Early views about the asteroids

The word 'asteroid' means 'star-like'. This name probably arose because, viewed through a small telescope from Earth, asteroids look like points of light.

Ancient observers on Earth did not know the asteroids because they cannot be seen with the unaided eye. The idea that a planet-like body might exist between the orbits of Mars and Jupiter was suggested by Johann

Elert Bode in 1768. In January 1801, the Sicilian astronomer Giuseppi Piazzi discovered a body in a position similar to that predicted by Bode. This body was called Ceres in honour of the Roman goddess of plants and harvest, and was the first asteroid to be discovered. In March 1802, the German astronomer Heinrich Olbers discovered another faint asteroid that he called Pallas (after the Greek goddess of wisdom). Two more asteroids discovered in the early 1800s were called Juno and Vesta.

By 1850, 10 asteroids were known to orbit at average distances from the Sun of between 2.2 and 3.2 AU. These early findings were made visually by astronomers who spent many hours at telescopes, observing changes in positions of celestial objects against the background of stars. In 1891, the German astronomer Max Wolf made the first photographic discovery of an asteroid. The object was named Brucia, and was the 323rd asteroid to be found. By 1923, the list of asteroids had grown to over a thousand.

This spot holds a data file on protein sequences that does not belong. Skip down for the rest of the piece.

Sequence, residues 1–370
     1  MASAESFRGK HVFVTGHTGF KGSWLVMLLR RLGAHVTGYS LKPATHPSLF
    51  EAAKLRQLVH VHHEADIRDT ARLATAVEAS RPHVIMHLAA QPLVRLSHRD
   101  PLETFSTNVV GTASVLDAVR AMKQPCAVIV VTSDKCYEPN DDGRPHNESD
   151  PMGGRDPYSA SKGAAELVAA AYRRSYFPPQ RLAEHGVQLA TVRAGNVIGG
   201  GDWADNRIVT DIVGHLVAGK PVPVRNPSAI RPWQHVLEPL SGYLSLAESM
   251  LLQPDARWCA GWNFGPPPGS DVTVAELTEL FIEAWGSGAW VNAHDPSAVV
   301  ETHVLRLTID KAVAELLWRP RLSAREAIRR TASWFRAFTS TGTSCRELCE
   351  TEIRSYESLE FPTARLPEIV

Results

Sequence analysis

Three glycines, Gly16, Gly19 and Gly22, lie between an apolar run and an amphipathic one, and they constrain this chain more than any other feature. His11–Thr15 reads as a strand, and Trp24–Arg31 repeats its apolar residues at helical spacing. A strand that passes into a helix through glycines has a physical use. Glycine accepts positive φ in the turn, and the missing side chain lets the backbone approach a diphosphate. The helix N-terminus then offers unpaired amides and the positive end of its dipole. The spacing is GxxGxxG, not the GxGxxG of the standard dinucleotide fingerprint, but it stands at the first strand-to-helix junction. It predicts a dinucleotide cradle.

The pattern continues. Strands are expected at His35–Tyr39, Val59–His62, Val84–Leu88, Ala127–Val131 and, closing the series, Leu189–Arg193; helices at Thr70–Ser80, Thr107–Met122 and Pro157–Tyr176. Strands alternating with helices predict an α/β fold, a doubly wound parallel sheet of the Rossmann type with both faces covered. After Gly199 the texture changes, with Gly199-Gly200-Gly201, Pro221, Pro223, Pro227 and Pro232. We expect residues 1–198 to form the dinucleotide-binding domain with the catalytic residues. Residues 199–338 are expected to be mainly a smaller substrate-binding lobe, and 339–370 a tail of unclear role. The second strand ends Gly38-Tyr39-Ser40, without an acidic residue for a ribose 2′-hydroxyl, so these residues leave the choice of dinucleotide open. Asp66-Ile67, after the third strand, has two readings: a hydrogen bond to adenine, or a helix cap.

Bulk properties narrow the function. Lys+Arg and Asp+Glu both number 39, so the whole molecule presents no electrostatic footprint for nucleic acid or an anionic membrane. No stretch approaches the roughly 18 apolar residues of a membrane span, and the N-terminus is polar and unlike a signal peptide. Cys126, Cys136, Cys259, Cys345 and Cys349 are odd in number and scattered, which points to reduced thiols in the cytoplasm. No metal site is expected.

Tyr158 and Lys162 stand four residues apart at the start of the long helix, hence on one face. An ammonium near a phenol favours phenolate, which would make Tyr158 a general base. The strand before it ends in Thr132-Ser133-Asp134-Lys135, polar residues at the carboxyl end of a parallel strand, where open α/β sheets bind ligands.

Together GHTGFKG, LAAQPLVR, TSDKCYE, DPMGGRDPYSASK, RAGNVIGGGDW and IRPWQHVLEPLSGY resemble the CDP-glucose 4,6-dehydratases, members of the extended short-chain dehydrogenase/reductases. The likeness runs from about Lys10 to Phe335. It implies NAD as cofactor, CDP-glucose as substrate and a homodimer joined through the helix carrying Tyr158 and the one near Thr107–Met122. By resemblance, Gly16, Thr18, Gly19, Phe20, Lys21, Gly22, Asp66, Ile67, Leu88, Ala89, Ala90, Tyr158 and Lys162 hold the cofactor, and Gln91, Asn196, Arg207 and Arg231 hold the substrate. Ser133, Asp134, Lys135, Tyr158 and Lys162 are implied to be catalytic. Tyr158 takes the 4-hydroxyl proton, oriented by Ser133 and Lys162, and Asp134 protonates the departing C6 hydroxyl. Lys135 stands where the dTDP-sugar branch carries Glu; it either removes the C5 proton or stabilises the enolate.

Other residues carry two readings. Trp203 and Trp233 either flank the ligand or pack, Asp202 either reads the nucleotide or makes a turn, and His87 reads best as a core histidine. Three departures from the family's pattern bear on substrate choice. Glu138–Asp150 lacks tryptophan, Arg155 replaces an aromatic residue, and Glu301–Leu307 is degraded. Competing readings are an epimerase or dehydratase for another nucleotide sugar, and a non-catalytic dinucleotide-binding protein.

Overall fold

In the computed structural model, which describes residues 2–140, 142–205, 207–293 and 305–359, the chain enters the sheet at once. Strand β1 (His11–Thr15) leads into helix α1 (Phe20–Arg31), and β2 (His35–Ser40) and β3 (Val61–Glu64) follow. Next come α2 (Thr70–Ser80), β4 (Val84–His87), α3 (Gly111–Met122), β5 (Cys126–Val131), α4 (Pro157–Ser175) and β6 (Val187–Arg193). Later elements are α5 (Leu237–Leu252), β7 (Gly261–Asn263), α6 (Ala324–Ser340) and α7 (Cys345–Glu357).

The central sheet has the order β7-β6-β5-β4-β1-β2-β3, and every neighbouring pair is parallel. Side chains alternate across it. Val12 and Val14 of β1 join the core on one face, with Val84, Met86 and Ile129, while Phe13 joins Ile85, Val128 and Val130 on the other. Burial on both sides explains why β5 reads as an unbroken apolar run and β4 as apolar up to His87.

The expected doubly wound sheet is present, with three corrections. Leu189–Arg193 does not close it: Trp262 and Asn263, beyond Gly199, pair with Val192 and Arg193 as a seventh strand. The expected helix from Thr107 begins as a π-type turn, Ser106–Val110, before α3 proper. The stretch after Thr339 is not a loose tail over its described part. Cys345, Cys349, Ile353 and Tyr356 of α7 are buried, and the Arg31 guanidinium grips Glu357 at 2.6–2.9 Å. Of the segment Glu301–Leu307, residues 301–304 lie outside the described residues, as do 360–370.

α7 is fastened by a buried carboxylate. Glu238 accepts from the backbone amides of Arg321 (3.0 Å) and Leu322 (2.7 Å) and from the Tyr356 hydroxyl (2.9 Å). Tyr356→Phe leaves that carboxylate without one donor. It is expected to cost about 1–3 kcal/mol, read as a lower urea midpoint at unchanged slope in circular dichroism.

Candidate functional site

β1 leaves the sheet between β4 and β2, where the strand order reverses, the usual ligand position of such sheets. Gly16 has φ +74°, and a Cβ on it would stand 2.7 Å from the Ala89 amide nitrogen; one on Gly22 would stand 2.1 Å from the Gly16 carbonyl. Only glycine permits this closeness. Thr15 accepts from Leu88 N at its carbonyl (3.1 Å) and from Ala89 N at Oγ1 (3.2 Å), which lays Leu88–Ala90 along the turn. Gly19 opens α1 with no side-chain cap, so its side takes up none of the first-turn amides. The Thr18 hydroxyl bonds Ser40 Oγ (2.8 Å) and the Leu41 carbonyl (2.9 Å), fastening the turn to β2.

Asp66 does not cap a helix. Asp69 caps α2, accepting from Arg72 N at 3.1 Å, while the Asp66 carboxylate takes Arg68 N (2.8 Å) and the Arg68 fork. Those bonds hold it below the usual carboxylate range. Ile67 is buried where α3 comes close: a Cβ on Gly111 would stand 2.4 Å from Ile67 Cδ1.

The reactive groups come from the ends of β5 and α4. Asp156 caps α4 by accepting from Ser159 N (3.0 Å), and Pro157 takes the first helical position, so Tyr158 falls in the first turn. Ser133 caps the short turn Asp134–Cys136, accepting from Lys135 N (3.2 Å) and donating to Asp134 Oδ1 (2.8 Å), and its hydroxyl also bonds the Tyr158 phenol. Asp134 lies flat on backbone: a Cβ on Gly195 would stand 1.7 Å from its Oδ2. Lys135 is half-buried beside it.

During the early years of discovery, mythological names were given to the asteroids. All the early names were female. This naming scheme was later abandoned. Some asteroids are named after countries, for example, 1125 China, while others are named after people, for example, 2001 Einstein. Permanent numbers are assigned to asteroids once their orbits have been calculated and confirmed.

Table 8.1 Details about the largest asteroid Ceres (a dwarf planet)

Distance from Sun

413 700 000 km (2.76 AU)


950 km in diameter


9.46 x 1020 kg


2.07 g/cm3 or 2070 kg/m3

Orbital eccentricity

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